What makes a religion, anyway? Historically, Christian churches have served as community centers for their congregants, provided those congregants conformed to a certain moral code. More recently, thanks to the evangelical movement’s (re)positioning of itself as the “moral majority” in the wake of Roe v. Wade, those functions have evolved into something blatantly political, as evidenced by that community’s hypocritical embrace of twice-divorced adulterer Donald Trump. So why not take the good parts of religion—the camaraderie, the organization—and use them to advance a more liberal moral and political agenda, one that values pluralism and bodily autonomy over all? And as long as you’re fighting back against creeping crypto-fascist theocracy, why not do it in the name of Satan? He has the best music, after all.
That’s basically how The Satanic Temple came to be, as it’s depicted in documentarian Penny Lane’s new film about the group, Hail Satan? Thanks to the theatrical nature of TST’s actions—and the resulting media coverage of same—Lane had access to a massive trove of footage that goes all the way back to the group’s first action, a satirical rally in support of Florida governor Rick Scott in 2013. That was before TST coalesced into an honest-to-goodness atheistic religion, a trajectory that’s traced in loosely chronological order up to the unveiling of a Baphomet statue at the Arkansas State Capitol in August 2018. Along the way, we pause for truncated histories of evangelicalism in America, the late Anton LaVey and his Church Of Satan, and the Satanic Panic of the ’80s. At times, the straightforward structure holds the film back, particularly when the TST’s actions begin to repeat themselves toward the end of the film. Still, Hail Satan? has interesting points to make throughout. Even this admitted fellow traveler learned a few things, like that many of the Ten Commandments monuments that litter state capitols across America were originally installed as promotional stunts for the 1956 movie.
Rank-and-file TST members appear in talking-heads footage throughout Hail Satan?, and some of them—like Arkansas’ Mason Hargett, a regular country lawyer in his blue blazer and plaid bow tie—defy all expectations of what a satanist looks like. But the majority of the TST’s history and philosophy is articulated by two people: reluctant spokesman Lucien Greaves (not his real name, and neither is the “real name,” Douglas Mesner, reported online), and Jex Blackmore, the fiery, charismatic founder of TST’s Detroit chapter who’s since been kicked out of the group for a performance-art piece in which she called for the execution of all presidents. (Lane has that on tape, too.) The tension between Greaves, who believes in using the system to protect the separation of church and state, and Blackmore, who likes her feminist protests to double as shocking performance art, lays bare the growing pains that any radical group goes through in its slow climb to respectability.
It’s commendable that Lane includes this conflict in her otherwise glowing documentary, and if Greaves ends up coming off as the voice of reason in Hail Satan?, that’s simply because he chooses his words very carefully. (“Respectability” is still a relative term when it comes to devil worship, and TST co-founder Malcolm Jarry keeps his face obscured in interview segments.) That being said, Blackmore’s feminist spin on satanic philosophy is underplayed: One scene sees her dragging a cross through the streets of Detroit wearing a crown of thorns. But the purpose of the demonstration, a protest against anti-choice legislation in the state, isn’t explained in the same level of detail as Greaves’ ongoing campaign to have a matching Baphomet for every Ten Commandments monument in America.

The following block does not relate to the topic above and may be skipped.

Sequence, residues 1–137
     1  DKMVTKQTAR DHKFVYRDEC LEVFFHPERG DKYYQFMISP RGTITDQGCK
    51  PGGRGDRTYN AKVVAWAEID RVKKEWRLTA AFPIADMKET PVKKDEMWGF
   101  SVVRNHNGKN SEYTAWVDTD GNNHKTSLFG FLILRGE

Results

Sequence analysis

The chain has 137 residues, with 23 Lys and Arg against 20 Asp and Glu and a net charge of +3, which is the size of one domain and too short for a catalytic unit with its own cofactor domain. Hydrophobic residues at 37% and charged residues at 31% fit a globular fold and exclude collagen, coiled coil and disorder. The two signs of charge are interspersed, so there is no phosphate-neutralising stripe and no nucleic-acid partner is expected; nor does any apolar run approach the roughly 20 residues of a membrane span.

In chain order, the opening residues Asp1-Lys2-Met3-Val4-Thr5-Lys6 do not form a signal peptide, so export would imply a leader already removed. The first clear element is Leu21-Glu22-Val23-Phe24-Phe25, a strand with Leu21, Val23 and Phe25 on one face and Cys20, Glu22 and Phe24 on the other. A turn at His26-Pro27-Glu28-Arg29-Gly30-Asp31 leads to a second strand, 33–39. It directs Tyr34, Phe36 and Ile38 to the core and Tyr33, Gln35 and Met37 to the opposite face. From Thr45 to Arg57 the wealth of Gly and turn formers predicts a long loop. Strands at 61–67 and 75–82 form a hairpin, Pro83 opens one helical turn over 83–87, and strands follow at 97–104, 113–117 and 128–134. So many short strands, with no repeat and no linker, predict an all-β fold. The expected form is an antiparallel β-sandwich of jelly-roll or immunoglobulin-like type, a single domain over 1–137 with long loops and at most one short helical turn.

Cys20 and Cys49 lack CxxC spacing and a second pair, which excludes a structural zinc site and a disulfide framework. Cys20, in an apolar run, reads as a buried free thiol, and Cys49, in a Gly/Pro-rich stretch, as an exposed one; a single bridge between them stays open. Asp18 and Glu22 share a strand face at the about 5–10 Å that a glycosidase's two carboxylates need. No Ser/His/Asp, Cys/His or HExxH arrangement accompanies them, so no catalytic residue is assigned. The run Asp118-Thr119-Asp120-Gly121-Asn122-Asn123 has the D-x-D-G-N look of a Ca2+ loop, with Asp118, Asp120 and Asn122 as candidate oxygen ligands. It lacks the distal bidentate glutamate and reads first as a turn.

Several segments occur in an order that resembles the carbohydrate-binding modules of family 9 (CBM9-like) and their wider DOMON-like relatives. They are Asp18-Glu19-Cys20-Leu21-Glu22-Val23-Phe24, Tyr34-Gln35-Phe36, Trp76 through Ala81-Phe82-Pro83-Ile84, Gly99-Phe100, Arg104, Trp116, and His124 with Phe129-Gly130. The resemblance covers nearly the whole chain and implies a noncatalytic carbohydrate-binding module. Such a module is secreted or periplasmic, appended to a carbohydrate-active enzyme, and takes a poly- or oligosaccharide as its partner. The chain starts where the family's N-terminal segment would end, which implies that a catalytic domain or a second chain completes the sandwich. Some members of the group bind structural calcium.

As for the devil worship thing, that’s a misconception: Although an “atheistic religion” seems like a contradiction in terms, The Satanic Temple does not worship Satan as a literal god. They just like the symbolism of Satan as the ultimate rebel, and love freaking out squares. (The overlap between metalheads/punks and satanists is significant.) The lack of mysticism in contemporary satanism naturally brings up the question of how much of this is sincere and how much is a put-on. The answer to that question, which is woven throughout Hail Satan?, is kind of both? It’s certainly a postmodernist concept, presented in a media-savvy way. But the activist element of TST, which Greaves describes as the “natural evolution” of satanic thought, gives their actions a level of sincerity that was never present in Anton LaVey’s trolling Black Masses. And their fight is real in Trump’s America: Just last week, Ohio passed a bill essentially banning abortion in the state by prohibiting it after six weeks—before most people even realize they’re pregnant.
Lane chooses to keep Hail Satan? on the lighter side, using cheeky musical cues and ironic stock footage—the infamous 1994 police training video Law Enforcement Guide To Satanic Cults appears at one point, as do Bible cartoons, Porky Pig, and Rosemary’s Baby—to make Satan seem friendly and fun. That’s probably necessary, given the millennia of bad press he’s received. And Lane’s lighthearted approach will probably convert more than a few viewers to the TST cause—it’s a short walk from pissed-off atheist to smirking satanist. Given how entrenched the culture wars have become in America, maybe all Satan needs at this point is a good publicist.